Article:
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This little booklet on spaceflight history is selling so well, to my surprise, that I decided it would be the first one that would be available not only in ebook formats ( http://www.xinxii.de/the-forgotten-astronauts-p-350121.html ) but also on paper ( http://www.amazon.co.uk/The-Forgotten-Astronauts-chapter-spaceflight/dp/149597362X/ref=sr_1_2/280-9050416-0862956?ie=UTF8&qid=1392997612&sr=8-2&keywords=The+Forgotten+Astronauts ).

 

 

The Forgotten Astronauts - A rarely told chapter of spaceflight history

Author: Codex Regius

Pages: 44 page(s)
Language: English
Published: Jan. 2014

 

Tragical or tragicomical - the fate of the failed American astronauts

Our shelves contain countless books on the history of space travel, illustrated with colourful images of the moon and names we have frequently read: Alan Shepard, first American in space, John Glenn who orbited earth, Neil Armstrong, first man on the moon, Elliot See …

Wait a minute. Who is Elliot See?

Then we discover that most books on the history of space travel do not mention his name at all. And closer examination reveals more unknown faces on NASA's group photos. Their accounts, told in this book, reveal the darker side of the American moon-landing myth. These men are the Forgotten Astronauts, those who failed and were erased from history - sometimes tragically, sometimes tragicomically - and who were for a long time hushed up about, not to cloud the worship of the heroes of the Space Age.

 

Edited by Romanike
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Just a bit of a question Romanike - was reading your intro and wondered about 'the moon landing myth' - and assuming you are the author of this booklet, are you suggesting that the moon landing was not as it appeared?

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Just a bit of a question Romanike - was reading your intro and wondered about 'the moon landing myth' - and assuming you are the author of this booklet, are you suggesting that the moon landing was not as it appeared?

Just to clarify it seems that the conspiracy theories were simply that and were debunked .

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Just a bit of a question Romanike - was reading your intro and wondered about 'the moon landing myth' - and assuming you are the author of this booklet, are you suggesting that the moon landing was not as it appeared?

 

Uh, no! Not at all! The myth I had in mind is that the moon-landing was accomplished by flawless superheroes, as the astronauts had been promoted in the 1970s. It is this myth that I was debunking a little after I discovered some unfamiliar faces in my collection of spaceflight literature and wondered why hardly any of the 150 books I have on that topic refers to these men. Their fates began to interest me, and the results are presented here. This was originally an article I published in a German pulp-SF magazine (it was reprinted in Switzerland shortly after), and I expanded and translated it as an ebook. Currently this little thing is our prime bestseller, so to speak; my daughter thinks it is because of the title. :wonder:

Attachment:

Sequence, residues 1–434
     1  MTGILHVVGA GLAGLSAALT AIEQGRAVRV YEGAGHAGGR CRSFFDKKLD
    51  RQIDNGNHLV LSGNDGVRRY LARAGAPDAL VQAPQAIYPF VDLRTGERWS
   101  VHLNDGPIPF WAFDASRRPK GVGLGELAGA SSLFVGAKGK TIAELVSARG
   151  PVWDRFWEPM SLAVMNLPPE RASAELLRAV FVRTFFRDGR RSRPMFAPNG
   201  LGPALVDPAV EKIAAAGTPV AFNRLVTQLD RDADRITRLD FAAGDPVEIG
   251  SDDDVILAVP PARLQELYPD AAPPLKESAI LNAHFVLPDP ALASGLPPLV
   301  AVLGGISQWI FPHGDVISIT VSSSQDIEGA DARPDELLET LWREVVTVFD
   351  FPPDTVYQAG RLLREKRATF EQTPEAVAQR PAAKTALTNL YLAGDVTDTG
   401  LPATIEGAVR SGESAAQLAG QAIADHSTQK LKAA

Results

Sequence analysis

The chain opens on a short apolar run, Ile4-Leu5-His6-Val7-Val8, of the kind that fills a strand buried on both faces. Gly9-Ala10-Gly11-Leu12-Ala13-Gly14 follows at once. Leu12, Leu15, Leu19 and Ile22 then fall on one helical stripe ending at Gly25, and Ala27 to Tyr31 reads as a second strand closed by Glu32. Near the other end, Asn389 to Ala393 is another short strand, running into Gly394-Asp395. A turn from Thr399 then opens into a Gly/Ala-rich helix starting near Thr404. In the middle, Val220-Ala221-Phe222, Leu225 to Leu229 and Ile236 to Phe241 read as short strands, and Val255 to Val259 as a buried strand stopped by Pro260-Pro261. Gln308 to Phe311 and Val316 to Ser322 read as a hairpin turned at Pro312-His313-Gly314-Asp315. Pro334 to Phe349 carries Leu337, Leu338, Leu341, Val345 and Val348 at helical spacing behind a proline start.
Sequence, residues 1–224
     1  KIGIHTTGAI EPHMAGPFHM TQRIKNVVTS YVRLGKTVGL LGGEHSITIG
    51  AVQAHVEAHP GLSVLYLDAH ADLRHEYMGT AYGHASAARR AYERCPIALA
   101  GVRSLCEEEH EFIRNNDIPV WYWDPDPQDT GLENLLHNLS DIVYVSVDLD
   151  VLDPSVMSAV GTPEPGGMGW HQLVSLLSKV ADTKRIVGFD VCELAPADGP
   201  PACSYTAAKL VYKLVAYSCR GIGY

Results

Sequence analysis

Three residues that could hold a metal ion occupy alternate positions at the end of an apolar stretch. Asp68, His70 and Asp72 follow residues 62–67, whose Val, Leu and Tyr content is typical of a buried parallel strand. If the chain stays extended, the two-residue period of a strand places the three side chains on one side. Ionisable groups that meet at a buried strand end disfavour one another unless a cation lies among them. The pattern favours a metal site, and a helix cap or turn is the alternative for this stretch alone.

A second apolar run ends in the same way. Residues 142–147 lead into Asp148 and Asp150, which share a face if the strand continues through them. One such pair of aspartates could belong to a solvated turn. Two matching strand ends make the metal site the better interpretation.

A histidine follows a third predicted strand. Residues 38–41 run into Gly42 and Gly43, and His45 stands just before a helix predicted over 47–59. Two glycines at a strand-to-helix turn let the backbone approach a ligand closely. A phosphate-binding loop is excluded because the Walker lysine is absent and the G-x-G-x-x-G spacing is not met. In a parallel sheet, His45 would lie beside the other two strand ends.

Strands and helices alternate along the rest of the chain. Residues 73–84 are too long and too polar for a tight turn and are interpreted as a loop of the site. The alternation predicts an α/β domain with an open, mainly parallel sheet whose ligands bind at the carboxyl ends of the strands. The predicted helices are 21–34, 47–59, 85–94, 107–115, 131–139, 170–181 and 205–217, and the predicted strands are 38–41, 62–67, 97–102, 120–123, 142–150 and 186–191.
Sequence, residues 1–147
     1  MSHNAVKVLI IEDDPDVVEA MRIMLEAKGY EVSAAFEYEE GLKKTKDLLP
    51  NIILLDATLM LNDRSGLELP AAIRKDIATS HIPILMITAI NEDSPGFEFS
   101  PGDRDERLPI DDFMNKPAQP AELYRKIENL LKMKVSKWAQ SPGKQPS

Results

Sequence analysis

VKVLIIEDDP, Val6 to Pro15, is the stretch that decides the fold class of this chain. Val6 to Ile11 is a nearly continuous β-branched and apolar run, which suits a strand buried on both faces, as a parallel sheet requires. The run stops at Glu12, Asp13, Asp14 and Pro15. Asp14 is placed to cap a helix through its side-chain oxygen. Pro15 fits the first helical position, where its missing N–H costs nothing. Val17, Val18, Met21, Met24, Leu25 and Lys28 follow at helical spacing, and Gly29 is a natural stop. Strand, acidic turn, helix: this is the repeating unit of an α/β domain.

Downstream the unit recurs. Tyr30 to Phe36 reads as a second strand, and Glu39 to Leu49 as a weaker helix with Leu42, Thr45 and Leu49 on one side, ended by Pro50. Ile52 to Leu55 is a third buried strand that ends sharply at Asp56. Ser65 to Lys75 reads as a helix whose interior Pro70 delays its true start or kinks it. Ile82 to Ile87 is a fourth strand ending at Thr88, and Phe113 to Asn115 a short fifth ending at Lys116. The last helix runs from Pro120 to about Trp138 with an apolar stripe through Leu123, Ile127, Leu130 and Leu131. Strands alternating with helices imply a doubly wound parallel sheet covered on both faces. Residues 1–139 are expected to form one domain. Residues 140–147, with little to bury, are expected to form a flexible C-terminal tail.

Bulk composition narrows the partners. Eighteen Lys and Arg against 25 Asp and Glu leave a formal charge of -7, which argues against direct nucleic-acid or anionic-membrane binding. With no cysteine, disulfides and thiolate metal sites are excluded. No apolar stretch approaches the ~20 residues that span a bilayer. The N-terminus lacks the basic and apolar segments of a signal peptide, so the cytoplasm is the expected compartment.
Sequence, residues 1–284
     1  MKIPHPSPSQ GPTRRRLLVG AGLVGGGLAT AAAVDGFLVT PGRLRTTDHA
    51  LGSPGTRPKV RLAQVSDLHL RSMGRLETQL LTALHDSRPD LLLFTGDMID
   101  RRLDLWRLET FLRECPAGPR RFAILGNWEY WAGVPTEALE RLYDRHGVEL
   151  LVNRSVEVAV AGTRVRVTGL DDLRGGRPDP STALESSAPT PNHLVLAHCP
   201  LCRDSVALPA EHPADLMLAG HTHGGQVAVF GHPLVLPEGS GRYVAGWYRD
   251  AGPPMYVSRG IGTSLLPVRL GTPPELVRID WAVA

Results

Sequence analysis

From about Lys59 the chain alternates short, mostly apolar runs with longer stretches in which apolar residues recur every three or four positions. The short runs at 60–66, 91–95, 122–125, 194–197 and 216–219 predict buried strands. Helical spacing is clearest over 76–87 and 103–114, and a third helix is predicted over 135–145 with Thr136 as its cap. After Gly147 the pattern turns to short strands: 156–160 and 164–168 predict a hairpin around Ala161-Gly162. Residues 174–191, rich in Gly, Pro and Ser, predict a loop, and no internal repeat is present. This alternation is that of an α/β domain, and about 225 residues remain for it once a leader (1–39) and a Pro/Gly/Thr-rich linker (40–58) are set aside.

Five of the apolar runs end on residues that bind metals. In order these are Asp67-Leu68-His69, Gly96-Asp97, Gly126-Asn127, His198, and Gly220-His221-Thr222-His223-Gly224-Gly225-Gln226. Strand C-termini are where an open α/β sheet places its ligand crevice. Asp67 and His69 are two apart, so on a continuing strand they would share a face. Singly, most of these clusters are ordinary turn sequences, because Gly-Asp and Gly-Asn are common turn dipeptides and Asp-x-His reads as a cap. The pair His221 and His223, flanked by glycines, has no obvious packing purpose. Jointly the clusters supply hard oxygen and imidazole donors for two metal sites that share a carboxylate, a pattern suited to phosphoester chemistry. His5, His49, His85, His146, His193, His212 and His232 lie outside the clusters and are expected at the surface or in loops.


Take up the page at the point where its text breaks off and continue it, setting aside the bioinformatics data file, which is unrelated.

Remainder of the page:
Frankly, I was not aware that my intro might support this association, since the "moon-landing hoax" had never been a topic here anyone took serious at all. I think I should better change the text then.

Edited by Romanike
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  • 1 month later...

The printed issue is selling remarkably well, too. The edition I have ordered for myself from Amazon looked quite convincing to me. The paper is solid, the printing quality agreeable. Can't tell about the long-term sustainability of the binding, of course. I have therefore decided to extend the double ebook/paper supply to several others of my non-fiction titles :

 

http://www.amazon.de/s/ref=ntt_athr_dp_sr_1?_encoding=UTF8&field-author=Codex%20Regius&search-alias=books-de-intl-us&sort=relevancerank

Edited by Romanike
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Only free shipping on orders over $35  and even though it is only AU$4.91 the shipping would overload it and not speed it up, as I think they still bring print in from US.  Just at present with so many paper TBR I didn't want to get more to top up my order as turning to audible. Yes the ebook is here for AU$3.61, but I can't use that medium.

Edited by grasshopper
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I see. Strangely, I can get it for 4 € within two days, since they have set up a printing agency somewhere in Eastern Europe. Time will show whether that will one day be true for the Australian market, too.

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Hi Romanike: Have read your "The Forgotten Astronauts" - interesting how many people were involved in the space program but were never known to the general public. Seemed like a really dangerous adventure with no lack of men wanting to be involved, also test crashes nearer the ground with the daredevils who loved pushing the envelope or simply misjudging. Sounded quite like the ones on the movie "The Right Stuff". As long as there are boundaries to challenge there will be people who are anxious to give it a try.